Indigenous students return to a boarding hostel after a school break at Chandpukur church in northern Bangladesh. Activists fear that without support from government and aid groups 80 percent of indigenous students might drop out due to Covid-19. (Photo: Stephan Uttom/UCA News)
Biplob Soren passes his days either playing with friends or helping his daily-wager father in the fields or in hunting wild animals.
Six months ago, Biplob, 12, an ethnic Mahali, was a regular eighth-grader at Fulbari High School in Dinajpur district of northern Bangladesh. It was before Covid-19 hit Bangladesh and forced the government to shut down all education institutes indefinitely.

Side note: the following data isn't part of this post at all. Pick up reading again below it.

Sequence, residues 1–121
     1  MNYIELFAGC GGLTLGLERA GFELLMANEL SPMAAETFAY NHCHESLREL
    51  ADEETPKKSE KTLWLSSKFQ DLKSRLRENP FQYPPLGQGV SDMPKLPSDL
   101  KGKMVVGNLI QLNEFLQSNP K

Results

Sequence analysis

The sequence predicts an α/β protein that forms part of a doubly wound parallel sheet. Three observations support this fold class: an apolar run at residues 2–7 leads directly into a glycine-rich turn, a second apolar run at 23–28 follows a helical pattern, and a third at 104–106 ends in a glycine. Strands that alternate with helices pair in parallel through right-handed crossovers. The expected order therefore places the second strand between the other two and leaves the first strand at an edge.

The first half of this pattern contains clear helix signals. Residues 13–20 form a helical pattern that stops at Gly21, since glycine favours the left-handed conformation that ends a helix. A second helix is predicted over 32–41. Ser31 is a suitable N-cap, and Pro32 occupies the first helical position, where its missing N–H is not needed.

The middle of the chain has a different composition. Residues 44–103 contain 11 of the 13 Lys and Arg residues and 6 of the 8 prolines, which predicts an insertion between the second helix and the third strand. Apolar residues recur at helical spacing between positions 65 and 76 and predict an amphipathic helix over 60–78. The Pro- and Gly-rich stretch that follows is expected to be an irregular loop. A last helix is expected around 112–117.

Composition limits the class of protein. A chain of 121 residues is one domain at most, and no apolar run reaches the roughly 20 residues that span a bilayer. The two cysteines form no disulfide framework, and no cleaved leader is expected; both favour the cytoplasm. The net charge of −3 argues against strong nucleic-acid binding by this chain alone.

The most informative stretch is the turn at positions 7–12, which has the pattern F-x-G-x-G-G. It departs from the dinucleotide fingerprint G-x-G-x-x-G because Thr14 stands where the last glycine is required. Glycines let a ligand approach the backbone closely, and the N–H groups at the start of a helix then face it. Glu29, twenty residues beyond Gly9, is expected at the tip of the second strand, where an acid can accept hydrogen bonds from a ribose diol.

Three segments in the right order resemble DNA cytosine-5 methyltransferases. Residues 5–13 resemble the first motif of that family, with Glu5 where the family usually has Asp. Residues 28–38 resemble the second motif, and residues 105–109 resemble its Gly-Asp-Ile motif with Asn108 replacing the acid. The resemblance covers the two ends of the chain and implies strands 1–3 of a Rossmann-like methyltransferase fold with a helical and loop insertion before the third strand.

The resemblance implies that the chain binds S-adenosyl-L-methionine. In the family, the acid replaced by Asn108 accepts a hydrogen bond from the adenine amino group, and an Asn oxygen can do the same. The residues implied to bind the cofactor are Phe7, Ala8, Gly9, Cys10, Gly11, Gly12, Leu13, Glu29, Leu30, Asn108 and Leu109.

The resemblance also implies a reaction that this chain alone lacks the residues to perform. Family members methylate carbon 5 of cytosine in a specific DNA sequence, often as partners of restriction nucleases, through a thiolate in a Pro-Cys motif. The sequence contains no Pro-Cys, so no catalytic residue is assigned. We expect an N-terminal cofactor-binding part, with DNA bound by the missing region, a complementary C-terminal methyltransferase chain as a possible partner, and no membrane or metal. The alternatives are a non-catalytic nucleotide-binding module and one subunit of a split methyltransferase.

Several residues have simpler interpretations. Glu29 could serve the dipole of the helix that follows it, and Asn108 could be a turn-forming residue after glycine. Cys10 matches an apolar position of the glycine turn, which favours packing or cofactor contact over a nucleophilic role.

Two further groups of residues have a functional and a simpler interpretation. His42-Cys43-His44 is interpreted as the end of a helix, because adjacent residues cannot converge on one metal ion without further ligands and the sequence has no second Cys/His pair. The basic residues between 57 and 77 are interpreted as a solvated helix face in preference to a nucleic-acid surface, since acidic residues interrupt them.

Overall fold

After months without formal education, little chance of home tuition and the family struggling to survive amid loss of work and income, Biplop’s father feared his son may not be able to go back to school.
“Except for paddy rice planting, there was no work, and it is over now. There is no other work to make money. Now I join other villagers in fishing, hunting rabbits and picking wild potatoes in the forest,” Sushanto Soren, 47, a Catholic father of three, told UCA News.